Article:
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damian lillard

Nils Ericson

DAMIAN LILLARD KNOWS this drill well—but it’s never felt this good. He grabs the thick black handle of the giant machine, called a Proteus Motion, in front of him. The handle is attached to a black tube, which slides in and out of the massive, rotating machine opposite Lillard. An LCD screen sits to the left, tracking his movements.

Lillard is in Gem Fitness (aka the Lions Den), a gym that sits on the outskirts of Portland, Oregon. It’s a multiroom facility that blends classic equipment (dumbbells, sleds, and a single trap bar tucked between a wall and a treadmill) with more unusual gear, like the Proteus, a handful of pneumatic resistance machines, and a mini barbell with grips that slide across it (for better biceps curls). On one wall in the main room, there’s a picture of Lillard, standing, ripped and shirtless and 15 pounds heavier. It was taken during the pandemic, when he showed up here daily and was in the best shape of his life. Back then, he says, “I was just training to train.”

damian lillard exercising

Nils Ericson

Now he has new purpose: Back in January, the 32-year-old Portland Trail Blazers star shut things down after months (correction: years) struggling with a core muscle injury, and he could only watch (actually, he barely watched; more on that later) as his teammates stumbled to their worst record in 17 years. It was one of the lowest points in Lillard’s storied ten-year NBA career—but he’s turned it into an opportunity. Since then, he’s happily embraced a challenge that almost every guy is destined to face: a comeback.

This moment is part of that. The six-foot-two guard plants his feet, exhales loudly, and starts twisting his torso and hips to the right, pulling the handle back as he does. Then he shifts explosively to the left, abs tensing, grip tightening. Each twist lights up Lillard’s obliques, abs, and hip stabilizers—and a few months ago, each twist would have made him grimace. Not today. Thirty seconds later, he releases the handle and smiles. He gives a silent nod to his longtime trainer, Cem Eren, then walks up to an oversized treadmill set to an incline. “Just being able to get through my workouts strong and comfortable,” he says, “it’s been a blast.”

preview for Damian Lillard | Gym Bag

Coming back from injury is a skill, and like any skill, anyone can master it. This NBA season, that skill will be on display. From New Orleans big man Zion Williamson (foot surgery) to Clippers forward Kawhi Leonard (torn ACL) to Nuggets guard Jamal Murray (torn ACL) to a host of other big names, this season is full of major injury comebacks. And every bounce-back includes lessons that go beyond the physical, because recovering from injury is as much about rebuilding your mind as it is about regenerating muscle tissue.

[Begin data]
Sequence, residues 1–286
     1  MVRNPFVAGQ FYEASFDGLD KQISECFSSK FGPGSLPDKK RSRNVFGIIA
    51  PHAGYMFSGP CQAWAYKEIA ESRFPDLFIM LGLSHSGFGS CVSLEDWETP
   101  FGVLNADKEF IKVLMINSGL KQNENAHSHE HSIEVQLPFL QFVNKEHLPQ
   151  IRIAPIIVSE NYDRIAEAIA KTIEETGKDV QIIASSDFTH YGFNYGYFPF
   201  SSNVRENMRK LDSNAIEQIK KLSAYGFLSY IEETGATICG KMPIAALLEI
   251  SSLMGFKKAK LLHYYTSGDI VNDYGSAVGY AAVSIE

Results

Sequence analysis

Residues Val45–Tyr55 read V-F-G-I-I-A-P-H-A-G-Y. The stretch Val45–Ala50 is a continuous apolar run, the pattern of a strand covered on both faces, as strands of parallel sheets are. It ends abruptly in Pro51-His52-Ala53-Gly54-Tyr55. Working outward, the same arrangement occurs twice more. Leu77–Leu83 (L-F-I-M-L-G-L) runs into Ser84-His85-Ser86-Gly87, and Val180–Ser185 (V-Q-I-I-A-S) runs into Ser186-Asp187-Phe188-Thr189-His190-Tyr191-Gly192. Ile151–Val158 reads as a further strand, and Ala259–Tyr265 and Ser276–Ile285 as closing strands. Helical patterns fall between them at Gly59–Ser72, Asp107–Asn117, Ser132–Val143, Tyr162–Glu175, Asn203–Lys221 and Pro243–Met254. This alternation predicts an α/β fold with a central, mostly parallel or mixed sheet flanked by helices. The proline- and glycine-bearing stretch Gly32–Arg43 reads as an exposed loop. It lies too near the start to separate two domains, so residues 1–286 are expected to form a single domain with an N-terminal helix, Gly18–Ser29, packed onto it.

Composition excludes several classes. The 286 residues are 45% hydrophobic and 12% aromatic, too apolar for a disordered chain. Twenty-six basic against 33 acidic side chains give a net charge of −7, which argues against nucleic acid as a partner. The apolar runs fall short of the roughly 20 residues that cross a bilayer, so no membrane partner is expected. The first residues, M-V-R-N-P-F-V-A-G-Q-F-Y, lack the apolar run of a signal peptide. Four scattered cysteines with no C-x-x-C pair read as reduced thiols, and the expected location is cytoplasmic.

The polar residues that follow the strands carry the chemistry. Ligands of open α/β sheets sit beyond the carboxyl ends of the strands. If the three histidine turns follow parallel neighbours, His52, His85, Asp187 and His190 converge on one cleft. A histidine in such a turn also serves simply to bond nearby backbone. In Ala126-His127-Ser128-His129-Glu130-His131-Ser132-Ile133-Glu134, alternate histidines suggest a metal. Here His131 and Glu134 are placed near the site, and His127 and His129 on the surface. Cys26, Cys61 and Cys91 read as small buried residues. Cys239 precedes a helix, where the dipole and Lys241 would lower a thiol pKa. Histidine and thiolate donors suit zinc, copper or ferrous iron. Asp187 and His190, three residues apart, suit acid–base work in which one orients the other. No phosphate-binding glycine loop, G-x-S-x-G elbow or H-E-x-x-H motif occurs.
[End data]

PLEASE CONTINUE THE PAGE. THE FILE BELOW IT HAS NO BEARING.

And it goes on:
Lillard knows. He enters this season physically refreshed, and that’s on display during his photo shoot with MH. When somebody tentatively asks him to dunk, instead of worrying about his abs and groin, he coolly bends his knees, then effortlessly explodes upward like a coiled spring. He glances around afterward, as if to make sure everyone saw. Then he dunks again.

damian lillard

Nils Ericson

His remade body is matched by a new mental approach. Before his injury, like most athletes, he thought himself immortal. Now he’s acutely aware that his body might fail him—and that even his legacy isn’t permanent. His eyes narrow as he quietly focuses on another set on the Proteus. “Subconsciously, I did think I was bulletproof,” he says of his pre-injury mindset. “Now I’m trying to bulletproof myself.”

BEFORE ALL THAT, Damian Lillard had to admit he had a problem. This was a process. He first felt the searing pain along the inside of his right thigh in 2014. The Blazers were in training camp, and Lillard remembers his right lower abdominal area “started locking up” late in a practice session. “I couldn’t bend. I couldn’t run. It was just really uncomfortable,” he says. A day later, he felt the same thing in practice. Weeks later, the pain seemed to go away. Halfway through the regular season, it returned.

damian lillard working out

Nils Ericson

The pain was almost always there after that, even when Lillard was at his best. Early in the 2019 season, he recalls dropping a career-high 60 points on the Brooklyn Nets, drawing raves from fans and friends. “And I remember limping into the house,” he says. “I was literally bending over.”

Lillard was dealing with athletic pubalgia, a condition often mislabeled a “sports hernia.” Essentially, his inner thigh muscles had torn slightly, and that was disrupting his movement at the hip. And partly because he’d played through the injury, it was slowly wrecking his abdominal muscles. “It’s like a groin injury that moves up into the abdominal wall,” says Erik Meira, P.T., D.P.T., who would eventually oversee Lillard’s recovery. “It’s not a sensation that you can mentally block out and just go past.”

Except Lillard did exactly that for seven years. But with each season, the pain increased. Last year, he couldn’t ignore it. “I started feeling like my body couldn’t do what my mind wanted it to do,” he says.

damian lillard

Nils Ericson